ADHD and obesity risk

Both conditions reflect impulsive behavior, poor planning and overlapping centers of the brain

ADHD and Obesity Risk

ADHD and Obesity Risk

Kids with attention deficit hyperactivity disorder (ADHD) are more likely to be obese or weigh more than their non-diagnosed counterparts later in life.

Makes perfect sense when you consider that both conditions reflect impulsive behavior, poor planning, and overlapping centers of the brain—these are the findings from a new study in the May 20 online Pediatrics.

Researchers looked at two groups of men, aged 41. Those with an ADHD diagnosis during their youth were decades later 19 pounds heavier, a finding similar to earlier studies.

“As we learn more about the regions of the brain that may be implicated in obesity, they overlap with brain regions implicated in ADHD,” Dr. F. Xavier Castellanos from the Child Study Center at NYU Langone Medical Center in New York told Reuters Health. “The reward system seems to be relevant to both conditions.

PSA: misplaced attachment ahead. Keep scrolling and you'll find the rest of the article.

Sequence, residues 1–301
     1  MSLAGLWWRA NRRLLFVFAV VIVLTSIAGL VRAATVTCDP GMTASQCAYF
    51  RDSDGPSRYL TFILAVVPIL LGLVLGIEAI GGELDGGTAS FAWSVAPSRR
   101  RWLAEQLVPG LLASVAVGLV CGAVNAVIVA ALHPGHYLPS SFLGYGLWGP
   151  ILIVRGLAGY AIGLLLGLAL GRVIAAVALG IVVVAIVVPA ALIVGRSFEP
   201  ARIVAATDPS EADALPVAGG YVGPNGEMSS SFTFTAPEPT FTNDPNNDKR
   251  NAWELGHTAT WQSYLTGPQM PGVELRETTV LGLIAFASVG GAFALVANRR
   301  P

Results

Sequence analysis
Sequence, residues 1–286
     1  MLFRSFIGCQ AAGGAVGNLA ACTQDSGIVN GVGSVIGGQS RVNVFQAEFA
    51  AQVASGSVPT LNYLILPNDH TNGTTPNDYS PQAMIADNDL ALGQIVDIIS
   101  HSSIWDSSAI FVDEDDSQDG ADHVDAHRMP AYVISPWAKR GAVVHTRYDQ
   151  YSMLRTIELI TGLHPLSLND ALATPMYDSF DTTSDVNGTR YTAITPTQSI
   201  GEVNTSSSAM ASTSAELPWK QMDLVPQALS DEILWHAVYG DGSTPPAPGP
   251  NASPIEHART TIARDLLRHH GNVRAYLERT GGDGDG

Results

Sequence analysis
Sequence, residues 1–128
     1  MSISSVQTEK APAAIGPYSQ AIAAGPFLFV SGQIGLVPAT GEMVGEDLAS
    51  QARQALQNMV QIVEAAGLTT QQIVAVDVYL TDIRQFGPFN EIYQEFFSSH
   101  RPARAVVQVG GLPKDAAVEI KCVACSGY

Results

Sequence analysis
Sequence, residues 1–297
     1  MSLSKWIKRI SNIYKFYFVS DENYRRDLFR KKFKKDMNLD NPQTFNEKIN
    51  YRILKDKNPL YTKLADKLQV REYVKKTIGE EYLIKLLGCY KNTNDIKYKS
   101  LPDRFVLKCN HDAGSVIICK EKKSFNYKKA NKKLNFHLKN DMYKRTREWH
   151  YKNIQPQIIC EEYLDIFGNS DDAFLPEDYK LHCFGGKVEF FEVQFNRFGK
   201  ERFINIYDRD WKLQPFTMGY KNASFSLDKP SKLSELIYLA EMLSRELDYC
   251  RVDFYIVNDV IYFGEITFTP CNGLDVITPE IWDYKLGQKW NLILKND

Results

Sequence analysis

“There is the speculation that the obesity is at least partly reflecting some of the impulsivity, poor planning and the difficulty in making choices” faced by ADHD youth.

The U.S. Centers for Disease Control and Prevention says nearly one in ten kids and teenagers is diagnosed with ADHD. For such children, teaching them about nutrition and portion control, and helping them to avoid soda, fast foods, preservatives, and colorants is critical to their immediate health and future physiological as well as emotional well-being, the doctor says. Indeed, research shows that eliminating specific food dyes improves behavior in ADHD children, as well as improves their diet, one hopes, enough to avoid weight gain later in life.

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